Annette Gordon-Reed, the first African American to win the Pulitzer Prize for history, will be the keynote speaker Monday at the annual Martin Luther King Jr. Symposium from the Dallas Institute of Humanities and Culture.
Since 2006, the Dallas Institute has hosted a symposium to celebrate the legacy of Dr. King. This year, the event will be streamed online.
Gordon-Reed has emerged as one of the most authoritative voices on race and history in America, said Dr. J. Larry Allums, Executive Director Emeritus at the Dallas Institute.
Her book, The Hemingses of Monticello: An American Family, won the Pulitzer Prize in History, the National Book Award for Nonfiction, and 14 other awards. The book explores Thomas Jefferson’s contradictory stance on slavery and his relationship with slave Sally Hemmings. Professor Gordon-Reed has taught history at Harvard since 2009.
“We’ve titled this symposium, ‘The Impact of Slavery on Rev. King’s Dream’ because as Professor Gordon-Reed presents it in several of her books, there’s no way to avoid the consequences of slavery all the way up to the present day.
“And that would include, of course, MLK’s work in the ’50s and ’60s during the period of the Southern Civil Rights Movement,” said Allums.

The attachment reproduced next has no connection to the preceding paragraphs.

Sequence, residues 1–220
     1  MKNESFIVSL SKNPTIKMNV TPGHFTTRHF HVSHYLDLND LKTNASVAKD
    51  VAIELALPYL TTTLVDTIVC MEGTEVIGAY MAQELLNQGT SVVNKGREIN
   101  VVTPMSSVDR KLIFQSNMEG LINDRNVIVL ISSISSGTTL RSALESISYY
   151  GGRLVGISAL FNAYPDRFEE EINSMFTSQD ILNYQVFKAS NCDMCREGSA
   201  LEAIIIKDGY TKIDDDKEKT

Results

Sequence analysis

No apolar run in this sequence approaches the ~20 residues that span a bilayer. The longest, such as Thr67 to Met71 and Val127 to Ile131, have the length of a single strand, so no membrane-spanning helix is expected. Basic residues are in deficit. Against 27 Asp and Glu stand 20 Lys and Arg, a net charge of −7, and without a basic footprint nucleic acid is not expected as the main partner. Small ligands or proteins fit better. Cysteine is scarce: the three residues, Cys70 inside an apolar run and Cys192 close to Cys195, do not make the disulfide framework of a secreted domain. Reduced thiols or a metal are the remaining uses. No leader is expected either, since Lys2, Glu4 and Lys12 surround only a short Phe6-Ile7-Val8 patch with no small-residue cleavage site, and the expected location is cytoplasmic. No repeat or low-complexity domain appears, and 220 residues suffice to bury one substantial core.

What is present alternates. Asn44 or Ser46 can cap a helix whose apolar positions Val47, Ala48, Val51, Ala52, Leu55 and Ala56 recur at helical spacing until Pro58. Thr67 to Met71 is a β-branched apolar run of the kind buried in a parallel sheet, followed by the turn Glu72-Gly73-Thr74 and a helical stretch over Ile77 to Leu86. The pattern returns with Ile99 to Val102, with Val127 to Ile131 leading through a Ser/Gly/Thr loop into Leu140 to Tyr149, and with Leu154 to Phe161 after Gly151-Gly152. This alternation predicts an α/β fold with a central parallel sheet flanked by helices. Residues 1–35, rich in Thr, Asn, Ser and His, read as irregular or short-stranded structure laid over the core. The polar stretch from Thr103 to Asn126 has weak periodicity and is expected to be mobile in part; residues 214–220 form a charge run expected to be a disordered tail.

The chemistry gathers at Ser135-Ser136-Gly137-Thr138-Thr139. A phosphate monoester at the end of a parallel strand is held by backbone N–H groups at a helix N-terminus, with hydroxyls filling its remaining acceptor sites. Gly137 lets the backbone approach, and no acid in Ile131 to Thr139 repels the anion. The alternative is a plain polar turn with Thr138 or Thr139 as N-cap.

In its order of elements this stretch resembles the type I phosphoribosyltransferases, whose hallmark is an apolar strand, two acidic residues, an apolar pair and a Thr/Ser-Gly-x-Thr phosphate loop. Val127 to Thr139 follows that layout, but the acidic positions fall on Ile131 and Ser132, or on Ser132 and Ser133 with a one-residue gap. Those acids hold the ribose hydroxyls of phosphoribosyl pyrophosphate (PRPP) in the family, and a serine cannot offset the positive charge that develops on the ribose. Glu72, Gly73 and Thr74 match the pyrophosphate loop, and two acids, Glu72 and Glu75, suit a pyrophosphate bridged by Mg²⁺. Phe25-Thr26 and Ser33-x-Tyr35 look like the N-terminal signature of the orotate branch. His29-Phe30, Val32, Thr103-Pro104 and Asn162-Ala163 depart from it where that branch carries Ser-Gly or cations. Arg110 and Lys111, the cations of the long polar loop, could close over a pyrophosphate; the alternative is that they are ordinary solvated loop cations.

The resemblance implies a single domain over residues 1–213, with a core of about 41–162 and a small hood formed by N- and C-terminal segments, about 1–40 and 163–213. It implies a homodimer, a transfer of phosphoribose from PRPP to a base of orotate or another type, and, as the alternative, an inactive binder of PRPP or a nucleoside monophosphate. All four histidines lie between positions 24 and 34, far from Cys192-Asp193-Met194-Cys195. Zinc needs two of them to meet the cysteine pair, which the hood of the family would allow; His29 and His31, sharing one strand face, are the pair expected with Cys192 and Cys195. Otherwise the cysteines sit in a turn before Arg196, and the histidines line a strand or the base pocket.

“We’re gonna make some connections there. I’m looking forward to hearing how she will make those connections and then will further explore them in the conversation that happens after her presentation.”
Entertainment by two well-known Dallas performers will open the symposium. Denise Lee will sing and actor Jamal Sterling will read poetry from the Harlem Renaissance.
After the entertainment segment of the program, Professor Gordon-Reed will begin her keynote address. Following her presentation, she will be joined by three Dallas panelists and moderator Allums to expand on the conversation.
- Dr. Sharron Wilkins Conrad, Fellow at SMU’s Center for Presidential History
- Dr. Kenton Rambsy, Professor of English at UT-Arlington with an affiliation in the
Department of History
- Dr. Donna McBride, retired professor of history who leads the Historians Book Group at The
Dallas Institutes of Humanities and Culture
The program begins at 6 p.m. on Monday, January 18. Register for the event on the Dallas Institute’s website. The cost is $15 per person but educators and students are free.
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